Though the canon has been established for some time, there have been controversies surrounding it in church history which have been revisited over the course of time. We’ll look quickly at the one main issue surrounding the canon of Old Testament and then make short comment about some issues with the New Testament.The Apocrypha and the Canon of the Old Testament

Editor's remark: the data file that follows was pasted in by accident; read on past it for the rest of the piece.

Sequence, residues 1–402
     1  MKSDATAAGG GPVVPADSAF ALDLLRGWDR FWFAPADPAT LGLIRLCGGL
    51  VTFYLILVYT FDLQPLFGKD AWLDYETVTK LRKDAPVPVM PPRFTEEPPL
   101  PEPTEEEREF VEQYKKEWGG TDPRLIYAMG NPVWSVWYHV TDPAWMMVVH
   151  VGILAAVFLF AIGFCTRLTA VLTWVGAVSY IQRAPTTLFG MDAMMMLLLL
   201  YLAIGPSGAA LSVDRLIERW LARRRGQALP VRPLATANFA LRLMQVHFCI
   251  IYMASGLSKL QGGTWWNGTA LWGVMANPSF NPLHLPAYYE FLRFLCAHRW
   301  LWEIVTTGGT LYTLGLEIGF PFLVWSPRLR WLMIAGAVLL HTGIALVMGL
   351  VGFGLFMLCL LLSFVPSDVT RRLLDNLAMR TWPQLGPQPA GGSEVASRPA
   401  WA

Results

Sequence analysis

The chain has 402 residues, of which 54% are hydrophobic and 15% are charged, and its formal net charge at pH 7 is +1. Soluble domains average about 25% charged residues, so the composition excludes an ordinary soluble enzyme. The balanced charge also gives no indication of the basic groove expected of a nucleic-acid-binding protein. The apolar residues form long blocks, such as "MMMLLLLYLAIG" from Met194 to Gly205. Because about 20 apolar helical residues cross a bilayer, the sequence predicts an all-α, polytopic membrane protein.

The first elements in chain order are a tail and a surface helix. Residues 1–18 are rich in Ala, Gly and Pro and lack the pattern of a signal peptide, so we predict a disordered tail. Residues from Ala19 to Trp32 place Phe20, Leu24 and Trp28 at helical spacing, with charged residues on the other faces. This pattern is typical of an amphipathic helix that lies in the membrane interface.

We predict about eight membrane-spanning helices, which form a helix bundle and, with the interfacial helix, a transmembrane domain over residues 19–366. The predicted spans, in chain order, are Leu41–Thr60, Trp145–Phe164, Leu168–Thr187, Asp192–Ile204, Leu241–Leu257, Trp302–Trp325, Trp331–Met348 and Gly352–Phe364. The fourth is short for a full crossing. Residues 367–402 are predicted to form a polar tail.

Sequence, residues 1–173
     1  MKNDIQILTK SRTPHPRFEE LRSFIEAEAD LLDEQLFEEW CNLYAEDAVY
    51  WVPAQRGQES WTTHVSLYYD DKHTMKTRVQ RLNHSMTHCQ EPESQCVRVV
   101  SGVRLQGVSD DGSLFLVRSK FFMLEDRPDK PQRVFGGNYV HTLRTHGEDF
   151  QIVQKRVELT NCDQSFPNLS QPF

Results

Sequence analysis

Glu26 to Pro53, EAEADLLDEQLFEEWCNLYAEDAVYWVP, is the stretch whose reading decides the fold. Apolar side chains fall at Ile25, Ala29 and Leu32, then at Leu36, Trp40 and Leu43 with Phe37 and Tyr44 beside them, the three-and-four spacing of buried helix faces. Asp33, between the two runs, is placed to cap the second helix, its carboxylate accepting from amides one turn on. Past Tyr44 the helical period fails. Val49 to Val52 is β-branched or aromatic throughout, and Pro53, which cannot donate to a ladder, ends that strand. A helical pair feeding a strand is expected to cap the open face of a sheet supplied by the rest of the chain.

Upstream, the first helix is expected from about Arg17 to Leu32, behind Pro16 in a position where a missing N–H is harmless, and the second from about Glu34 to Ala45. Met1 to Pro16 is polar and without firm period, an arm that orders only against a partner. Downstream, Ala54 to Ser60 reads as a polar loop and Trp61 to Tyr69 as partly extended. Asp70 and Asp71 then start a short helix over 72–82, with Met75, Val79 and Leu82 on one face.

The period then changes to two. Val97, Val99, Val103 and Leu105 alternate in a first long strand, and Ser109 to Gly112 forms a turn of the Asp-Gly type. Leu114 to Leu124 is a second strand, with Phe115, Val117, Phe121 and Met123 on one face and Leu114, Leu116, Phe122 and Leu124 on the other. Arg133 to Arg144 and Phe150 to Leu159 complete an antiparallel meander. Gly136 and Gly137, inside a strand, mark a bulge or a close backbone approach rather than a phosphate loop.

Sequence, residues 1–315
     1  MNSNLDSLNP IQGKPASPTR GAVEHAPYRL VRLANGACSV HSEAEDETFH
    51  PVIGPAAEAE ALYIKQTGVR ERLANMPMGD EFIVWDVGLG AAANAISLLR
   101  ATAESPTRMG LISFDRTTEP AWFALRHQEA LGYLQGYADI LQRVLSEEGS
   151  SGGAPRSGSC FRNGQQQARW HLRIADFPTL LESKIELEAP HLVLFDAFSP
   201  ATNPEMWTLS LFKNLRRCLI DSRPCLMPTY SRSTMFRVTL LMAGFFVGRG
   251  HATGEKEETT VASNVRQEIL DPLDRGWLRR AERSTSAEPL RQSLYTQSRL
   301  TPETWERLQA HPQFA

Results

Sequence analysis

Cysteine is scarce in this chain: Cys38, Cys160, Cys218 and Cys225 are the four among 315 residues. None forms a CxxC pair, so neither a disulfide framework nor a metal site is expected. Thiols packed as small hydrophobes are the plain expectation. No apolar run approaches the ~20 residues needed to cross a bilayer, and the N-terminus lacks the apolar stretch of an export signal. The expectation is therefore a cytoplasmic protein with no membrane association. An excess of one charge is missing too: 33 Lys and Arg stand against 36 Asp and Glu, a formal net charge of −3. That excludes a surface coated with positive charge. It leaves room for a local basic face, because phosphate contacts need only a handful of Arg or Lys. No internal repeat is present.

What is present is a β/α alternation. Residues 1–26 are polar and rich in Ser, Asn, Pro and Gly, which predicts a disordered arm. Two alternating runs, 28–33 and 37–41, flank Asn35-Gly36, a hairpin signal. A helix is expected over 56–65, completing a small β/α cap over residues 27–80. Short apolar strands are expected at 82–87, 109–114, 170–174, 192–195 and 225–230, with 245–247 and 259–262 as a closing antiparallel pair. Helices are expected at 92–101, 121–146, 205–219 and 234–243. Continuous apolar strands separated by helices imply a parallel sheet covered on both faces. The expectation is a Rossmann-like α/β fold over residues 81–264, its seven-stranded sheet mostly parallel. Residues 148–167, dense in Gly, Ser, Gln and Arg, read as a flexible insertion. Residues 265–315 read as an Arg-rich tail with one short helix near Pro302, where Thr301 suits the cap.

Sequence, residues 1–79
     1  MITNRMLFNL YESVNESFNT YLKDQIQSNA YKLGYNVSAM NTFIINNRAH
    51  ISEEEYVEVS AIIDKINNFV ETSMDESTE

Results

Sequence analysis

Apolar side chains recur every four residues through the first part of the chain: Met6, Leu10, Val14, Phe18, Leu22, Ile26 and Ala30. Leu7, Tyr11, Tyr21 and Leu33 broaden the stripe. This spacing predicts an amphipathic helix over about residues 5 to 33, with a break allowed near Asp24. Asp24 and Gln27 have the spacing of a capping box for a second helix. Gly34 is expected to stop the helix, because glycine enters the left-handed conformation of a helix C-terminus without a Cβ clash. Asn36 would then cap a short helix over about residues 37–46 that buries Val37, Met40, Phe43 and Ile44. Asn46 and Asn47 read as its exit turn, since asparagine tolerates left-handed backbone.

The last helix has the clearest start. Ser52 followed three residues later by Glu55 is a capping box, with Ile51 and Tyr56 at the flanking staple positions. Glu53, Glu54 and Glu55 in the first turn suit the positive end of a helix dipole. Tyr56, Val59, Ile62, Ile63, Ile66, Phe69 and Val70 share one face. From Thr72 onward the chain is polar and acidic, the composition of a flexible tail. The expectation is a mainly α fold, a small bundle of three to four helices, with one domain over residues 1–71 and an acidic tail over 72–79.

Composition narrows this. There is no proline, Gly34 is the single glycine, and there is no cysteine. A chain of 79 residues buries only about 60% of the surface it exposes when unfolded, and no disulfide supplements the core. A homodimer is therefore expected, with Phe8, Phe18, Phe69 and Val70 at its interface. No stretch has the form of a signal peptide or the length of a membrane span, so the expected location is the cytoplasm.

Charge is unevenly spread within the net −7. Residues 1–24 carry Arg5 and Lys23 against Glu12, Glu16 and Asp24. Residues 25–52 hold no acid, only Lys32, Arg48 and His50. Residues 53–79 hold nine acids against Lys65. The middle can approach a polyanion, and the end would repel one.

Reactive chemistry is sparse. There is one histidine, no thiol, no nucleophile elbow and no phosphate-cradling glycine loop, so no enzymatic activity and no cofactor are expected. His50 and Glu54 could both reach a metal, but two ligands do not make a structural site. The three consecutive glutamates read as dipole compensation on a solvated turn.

Around 382 AD, the early church scholar Jerome (345 – 420) was asked to produce a new Latin translation of the Bible. When he began his work on the Old Testament, he realized that such a translation required a Hebrew original and not the Greek Septuagint and its apocrypha. He clearly identified the Hebrew Old Testament to alone be Scripture setting aside the apocryphal writings as useful “for the edification of the people, not to give authority to doctrines of the Church.4 Jerome, however, was not the lone voice on these matters in the 4th century as another looming figure was also to weigh in. This person is well known to us today as the great Latin theologian St. Augustine. Augustine’s view was that since the inspired authors of the New Testament actually quote directly from the Septuagint, that it too must have been inspired by God.5 Augustine’s position was that the Septuagint and the additional books along with it were inspired.6 However, he overlooked one important matter; the New Testament writers never quoted any of the apocryphal books from the LXX, they only quoted the canonical Old Testament. Unfortunately, Augustine prevailed upon Jerome to translate the extra books along with the Latin translation, known as the Vulgate. Ironically, Augustine’s apocrypha differed from the list of apocryphal books found in the LXX and included the following writings: Tobit, Judith, Wisdom of Solomon, Ecclesiasticus, additions to Esther and Daniel, Baruch, the Letter of Jeremiah, and 1 and 2 Maccabees. This canon of the Old Testament was confirmed by the church in council at Hippo (393AD) and Carthage (397AD and 419AD) and his version of the apocryphal books are found in the Roman Catholic Bible today.